Origins of HIV traced to chimpanzees in Cameroon

Simon Collins, HIV i-Base

In an oral presentation on the origins of HIV, Paul Sharp, from Nottingham University, presented evidence tracing the origin of transmission to a troop of chimpanzees living in a remote corner of Cameroon, near the border of Gabon and the Congo Republic, in West Central Africa.

The researchers collected and ran molecular sequencing on samples from dried mounds of chimpanzee faeces to find the earliest evidence of simian immunodeficiency virus (SIV) that most closely resembled the earliest known sample of HIV. The human sample dates to 1959 and was found in serum from a patient in Kinshasa.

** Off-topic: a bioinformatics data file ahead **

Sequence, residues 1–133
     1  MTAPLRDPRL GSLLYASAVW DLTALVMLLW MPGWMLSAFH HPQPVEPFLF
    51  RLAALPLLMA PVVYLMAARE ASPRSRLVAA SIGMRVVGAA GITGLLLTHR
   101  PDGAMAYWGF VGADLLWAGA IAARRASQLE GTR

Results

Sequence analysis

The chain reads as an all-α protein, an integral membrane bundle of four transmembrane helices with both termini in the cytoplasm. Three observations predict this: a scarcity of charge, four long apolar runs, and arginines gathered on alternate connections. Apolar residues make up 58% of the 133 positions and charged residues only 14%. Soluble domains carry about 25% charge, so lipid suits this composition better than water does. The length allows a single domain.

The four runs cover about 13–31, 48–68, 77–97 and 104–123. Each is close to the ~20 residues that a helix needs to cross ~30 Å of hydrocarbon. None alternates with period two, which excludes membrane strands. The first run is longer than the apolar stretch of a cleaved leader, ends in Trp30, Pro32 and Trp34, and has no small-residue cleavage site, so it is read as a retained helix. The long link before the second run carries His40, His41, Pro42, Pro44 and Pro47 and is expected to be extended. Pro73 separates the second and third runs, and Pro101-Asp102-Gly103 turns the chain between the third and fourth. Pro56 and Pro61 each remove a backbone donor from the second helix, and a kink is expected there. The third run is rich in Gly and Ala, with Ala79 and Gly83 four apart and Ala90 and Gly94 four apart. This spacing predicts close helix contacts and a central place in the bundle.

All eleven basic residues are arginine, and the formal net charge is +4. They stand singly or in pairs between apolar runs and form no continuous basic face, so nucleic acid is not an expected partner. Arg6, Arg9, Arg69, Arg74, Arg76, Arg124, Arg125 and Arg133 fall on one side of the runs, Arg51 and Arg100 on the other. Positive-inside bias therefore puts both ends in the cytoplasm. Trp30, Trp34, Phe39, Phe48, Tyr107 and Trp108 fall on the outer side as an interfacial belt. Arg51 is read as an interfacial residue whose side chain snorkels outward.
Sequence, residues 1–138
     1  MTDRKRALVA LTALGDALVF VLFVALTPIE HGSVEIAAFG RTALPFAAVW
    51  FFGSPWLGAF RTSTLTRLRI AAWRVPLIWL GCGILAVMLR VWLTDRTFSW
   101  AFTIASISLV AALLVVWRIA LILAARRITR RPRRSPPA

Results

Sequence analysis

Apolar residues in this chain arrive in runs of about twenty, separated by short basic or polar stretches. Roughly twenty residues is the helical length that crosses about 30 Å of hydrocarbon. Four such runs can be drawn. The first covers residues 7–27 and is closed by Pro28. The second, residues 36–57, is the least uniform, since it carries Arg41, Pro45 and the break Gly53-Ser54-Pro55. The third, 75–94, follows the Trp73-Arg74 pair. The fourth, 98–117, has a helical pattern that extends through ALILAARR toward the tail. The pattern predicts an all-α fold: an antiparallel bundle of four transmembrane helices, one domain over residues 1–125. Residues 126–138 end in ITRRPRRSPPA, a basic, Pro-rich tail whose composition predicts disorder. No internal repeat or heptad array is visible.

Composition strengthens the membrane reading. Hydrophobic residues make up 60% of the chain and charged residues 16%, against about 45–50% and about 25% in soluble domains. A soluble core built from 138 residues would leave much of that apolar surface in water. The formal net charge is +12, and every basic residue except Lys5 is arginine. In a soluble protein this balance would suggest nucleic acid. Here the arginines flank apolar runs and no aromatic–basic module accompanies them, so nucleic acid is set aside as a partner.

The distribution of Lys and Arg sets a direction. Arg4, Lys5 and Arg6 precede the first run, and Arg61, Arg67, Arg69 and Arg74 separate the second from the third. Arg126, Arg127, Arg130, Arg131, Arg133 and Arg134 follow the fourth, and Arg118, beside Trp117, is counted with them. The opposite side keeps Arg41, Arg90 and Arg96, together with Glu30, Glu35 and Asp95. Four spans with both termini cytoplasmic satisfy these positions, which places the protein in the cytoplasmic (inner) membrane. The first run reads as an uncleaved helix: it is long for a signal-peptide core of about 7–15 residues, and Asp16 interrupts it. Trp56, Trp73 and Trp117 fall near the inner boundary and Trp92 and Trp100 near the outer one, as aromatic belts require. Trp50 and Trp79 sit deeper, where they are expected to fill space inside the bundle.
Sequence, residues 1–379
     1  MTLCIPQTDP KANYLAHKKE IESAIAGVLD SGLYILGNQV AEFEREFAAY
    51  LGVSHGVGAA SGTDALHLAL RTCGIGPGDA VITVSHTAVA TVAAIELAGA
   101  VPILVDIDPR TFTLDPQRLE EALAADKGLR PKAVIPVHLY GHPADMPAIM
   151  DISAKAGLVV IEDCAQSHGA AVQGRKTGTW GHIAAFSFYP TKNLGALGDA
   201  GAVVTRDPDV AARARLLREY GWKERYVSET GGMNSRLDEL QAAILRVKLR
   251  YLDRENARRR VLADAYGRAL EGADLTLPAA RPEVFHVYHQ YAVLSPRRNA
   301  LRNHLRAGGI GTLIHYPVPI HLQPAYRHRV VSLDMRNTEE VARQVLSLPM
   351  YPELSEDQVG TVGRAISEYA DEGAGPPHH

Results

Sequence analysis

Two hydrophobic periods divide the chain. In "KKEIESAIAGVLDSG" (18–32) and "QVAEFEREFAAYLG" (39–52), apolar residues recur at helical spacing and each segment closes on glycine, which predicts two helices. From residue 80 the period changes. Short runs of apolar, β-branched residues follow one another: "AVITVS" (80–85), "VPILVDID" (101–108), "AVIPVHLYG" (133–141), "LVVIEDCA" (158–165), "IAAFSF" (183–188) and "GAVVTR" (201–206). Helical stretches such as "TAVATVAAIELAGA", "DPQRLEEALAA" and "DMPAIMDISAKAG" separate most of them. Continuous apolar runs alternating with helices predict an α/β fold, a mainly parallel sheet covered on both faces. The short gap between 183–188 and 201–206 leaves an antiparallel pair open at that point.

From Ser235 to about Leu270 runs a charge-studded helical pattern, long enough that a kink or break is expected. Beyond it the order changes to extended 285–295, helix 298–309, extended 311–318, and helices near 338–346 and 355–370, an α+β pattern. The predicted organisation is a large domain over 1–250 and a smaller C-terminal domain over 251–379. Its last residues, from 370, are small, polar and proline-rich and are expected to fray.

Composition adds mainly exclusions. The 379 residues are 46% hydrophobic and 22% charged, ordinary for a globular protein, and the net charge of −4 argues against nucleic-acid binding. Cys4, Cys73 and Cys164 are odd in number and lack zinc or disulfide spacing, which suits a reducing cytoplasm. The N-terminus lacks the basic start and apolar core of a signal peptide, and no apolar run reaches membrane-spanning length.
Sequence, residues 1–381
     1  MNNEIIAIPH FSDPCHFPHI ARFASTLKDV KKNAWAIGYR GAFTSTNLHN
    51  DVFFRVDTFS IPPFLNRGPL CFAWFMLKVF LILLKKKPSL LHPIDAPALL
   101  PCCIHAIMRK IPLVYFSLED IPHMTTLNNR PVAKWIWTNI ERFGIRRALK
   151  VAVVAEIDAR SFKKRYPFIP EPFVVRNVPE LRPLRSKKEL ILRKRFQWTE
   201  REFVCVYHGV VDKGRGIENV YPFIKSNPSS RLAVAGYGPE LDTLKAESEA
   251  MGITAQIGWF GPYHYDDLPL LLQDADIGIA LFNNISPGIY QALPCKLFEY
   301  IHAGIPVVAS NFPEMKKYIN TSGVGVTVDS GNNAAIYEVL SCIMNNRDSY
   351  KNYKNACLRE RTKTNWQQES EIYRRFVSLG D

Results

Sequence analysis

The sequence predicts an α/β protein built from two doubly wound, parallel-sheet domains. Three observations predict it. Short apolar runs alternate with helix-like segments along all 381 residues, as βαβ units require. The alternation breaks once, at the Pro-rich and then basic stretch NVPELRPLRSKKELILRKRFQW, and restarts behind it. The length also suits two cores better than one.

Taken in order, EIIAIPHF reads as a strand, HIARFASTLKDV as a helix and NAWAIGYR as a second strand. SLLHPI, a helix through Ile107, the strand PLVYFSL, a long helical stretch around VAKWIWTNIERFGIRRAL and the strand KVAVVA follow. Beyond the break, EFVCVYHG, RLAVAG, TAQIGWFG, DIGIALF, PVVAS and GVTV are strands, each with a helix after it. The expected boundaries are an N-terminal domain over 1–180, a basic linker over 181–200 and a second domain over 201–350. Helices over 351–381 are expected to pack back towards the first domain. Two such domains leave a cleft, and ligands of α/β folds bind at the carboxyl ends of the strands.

Because the SIVcpz strains showed a local phylogeographic clustering, they were able to trace the origins of the pandemic to distinct, geographic chimpanzee communities. Isolating the original reservoir of HIV meant examining molecular structure of more than 30 species of primates.

This presentation is one of many available online as a webcast and podcast form the conference website (plenary session, Tuesday 7 February).


Sharp P. Where AIDS came from. 13th Conference on Retroviruses and Opportunistic Infections. Plenary session Tuesday 7 February. Abstract 70.

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